The NPR News article and podcast Scientists Share Results From NASA's Twins Study says:

SCOTT KELLY (NASA Astronaut): You know, the symptomatic stuff is fine. I don't have any long-term negative feelings, physically, from being in space. Now, there's the things you can't feel. And hopefully, I will never learn that those are a problem.

GREENE (Host): Those things you can't feel - well, it turns out they are as small as the protective structures at the ends of his chromosomes.

MARTIN (Host): Yeah. These are called telomeres, and normally, they get shorter with age. But what about in space?

SUSAN BAILEY (Principle Investigator): What we wanted to do was evaluate telomere length in both of the twins before and after so that we could see, you know, where they started and then where they ended.

MARTIN: Susan Bailey was one of the scientists who answered this question. She expected the stresses of space to shorten telomeres quicker.

BAILEY: And, in fact, we saw exactly the opposite thing - that during spaceflight, he had many more long telomeres than he did before he went up. So that really couldn't have been more of a surprise to us.

See also Radiation Biologist Dr. Susan Bailey Studies the Cellular Clocks of Astronaut Twins

Question: Why did investigators initially believe that Scott Kelley's year in space would accelerate the rate of telomere loss, relative to his baseline rate and the rate of his identical twin brother on the ground? What would be the postulated mechanisms?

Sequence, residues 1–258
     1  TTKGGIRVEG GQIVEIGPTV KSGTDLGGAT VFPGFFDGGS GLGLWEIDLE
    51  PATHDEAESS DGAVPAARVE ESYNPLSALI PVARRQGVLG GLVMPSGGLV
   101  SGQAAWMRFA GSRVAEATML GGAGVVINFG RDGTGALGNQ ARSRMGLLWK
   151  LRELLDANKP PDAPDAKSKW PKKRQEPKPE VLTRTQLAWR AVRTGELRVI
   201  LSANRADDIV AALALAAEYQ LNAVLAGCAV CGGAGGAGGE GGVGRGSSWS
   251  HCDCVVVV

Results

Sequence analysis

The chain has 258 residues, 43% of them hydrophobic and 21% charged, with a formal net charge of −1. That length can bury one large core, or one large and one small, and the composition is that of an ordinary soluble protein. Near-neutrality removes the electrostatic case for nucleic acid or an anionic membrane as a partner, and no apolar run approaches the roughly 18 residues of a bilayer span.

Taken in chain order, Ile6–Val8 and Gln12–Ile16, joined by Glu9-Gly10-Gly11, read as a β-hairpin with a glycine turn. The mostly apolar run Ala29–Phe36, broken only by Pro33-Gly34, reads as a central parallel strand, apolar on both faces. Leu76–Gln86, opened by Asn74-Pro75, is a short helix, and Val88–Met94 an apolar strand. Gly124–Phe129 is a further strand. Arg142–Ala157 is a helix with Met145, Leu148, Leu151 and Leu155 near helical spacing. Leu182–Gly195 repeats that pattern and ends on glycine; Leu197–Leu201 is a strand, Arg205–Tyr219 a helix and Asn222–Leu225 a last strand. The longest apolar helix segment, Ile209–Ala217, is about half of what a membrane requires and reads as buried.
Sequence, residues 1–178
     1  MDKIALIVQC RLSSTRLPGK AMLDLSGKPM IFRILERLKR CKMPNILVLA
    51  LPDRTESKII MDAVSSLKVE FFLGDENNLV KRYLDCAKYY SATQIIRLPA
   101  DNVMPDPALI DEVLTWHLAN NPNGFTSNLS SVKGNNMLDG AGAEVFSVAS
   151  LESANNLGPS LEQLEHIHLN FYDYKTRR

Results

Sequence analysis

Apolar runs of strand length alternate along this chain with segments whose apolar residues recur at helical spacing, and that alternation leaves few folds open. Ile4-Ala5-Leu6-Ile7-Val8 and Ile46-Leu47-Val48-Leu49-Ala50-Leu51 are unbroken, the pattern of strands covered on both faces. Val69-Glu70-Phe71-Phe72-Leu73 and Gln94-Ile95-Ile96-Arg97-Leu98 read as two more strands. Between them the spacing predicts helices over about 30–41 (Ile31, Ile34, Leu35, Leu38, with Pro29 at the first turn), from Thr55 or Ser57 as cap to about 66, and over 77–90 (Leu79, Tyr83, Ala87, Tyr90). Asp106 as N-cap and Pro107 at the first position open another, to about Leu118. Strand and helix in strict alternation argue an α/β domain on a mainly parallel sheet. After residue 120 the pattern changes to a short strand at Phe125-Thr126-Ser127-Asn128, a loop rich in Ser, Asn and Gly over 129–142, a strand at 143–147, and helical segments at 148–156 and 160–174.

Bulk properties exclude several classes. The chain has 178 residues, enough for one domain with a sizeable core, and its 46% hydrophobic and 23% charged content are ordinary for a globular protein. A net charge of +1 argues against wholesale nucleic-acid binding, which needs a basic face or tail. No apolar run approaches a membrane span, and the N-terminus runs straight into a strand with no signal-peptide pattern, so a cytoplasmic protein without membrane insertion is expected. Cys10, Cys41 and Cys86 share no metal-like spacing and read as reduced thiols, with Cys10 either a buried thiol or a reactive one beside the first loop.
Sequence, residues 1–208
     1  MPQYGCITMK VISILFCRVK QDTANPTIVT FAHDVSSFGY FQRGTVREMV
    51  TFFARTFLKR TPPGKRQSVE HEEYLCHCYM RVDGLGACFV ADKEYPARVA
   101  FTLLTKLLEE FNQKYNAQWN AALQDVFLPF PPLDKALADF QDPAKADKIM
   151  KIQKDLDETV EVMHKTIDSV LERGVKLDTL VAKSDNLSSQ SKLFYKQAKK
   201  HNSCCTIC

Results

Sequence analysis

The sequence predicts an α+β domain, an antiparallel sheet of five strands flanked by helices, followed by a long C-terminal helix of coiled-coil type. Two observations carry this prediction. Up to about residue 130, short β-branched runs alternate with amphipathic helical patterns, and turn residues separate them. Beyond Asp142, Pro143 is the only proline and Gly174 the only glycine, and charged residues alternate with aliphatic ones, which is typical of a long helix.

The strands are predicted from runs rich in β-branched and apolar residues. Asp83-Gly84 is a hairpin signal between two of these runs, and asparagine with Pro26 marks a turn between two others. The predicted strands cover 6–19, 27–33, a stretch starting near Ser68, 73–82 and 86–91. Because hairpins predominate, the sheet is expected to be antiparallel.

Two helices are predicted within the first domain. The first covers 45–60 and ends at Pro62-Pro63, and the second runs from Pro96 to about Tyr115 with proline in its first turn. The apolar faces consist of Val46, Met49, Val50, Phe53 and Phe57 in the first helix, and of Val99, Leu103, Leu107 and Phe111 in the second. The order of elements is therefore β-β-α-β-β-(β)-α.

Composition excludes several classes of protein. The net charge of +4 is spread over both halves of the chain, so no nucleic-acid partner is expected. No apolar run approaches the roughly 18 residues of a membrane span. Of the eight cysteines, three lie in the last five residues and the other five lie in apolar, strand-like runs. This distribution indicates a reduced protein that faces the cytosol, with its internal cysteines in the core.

• $\begingroup$ I've added the radiation tag since it is a known difference between spending a year in space versus on the ground, but I don't know if that will be part of the answer or not. $\endgroup$ – uhoh Apr 13 at 2:23

Dr. Bailey wrote a short piece that hints at the reasons behind why she expected what she expected:

Telomeres are the ends of chromosomes that protect them from damage and from “fraying” – much like the end of a shoestring. Telomeres are critical for maintaining chromosome and genome stability. However, telomeres naturally shorten as our cells divide, and so also as we age. The rate at which telomeres shorten over time is influenced by many factors, including oxidative stress and inflammation, nutrition, physical activity, psychological stresses and environmental exposures like air pollution, UV rays and ionizing radiation. Thus, telomere length reflects an individual’s genetics, experiences and exposures, and so are informative indicators of general health and aging...

Our study proposed that the unique stresses and out-of-this-world exposures the astronauts experience during spaceflight – things like isolation, microgravity, high carbon dioxide levels and galactic cosmic rays – would accelerate telomere shortening and aging. To test this, we evaluated telomere length in blood samples received from both twins before, during and after the one year mission.


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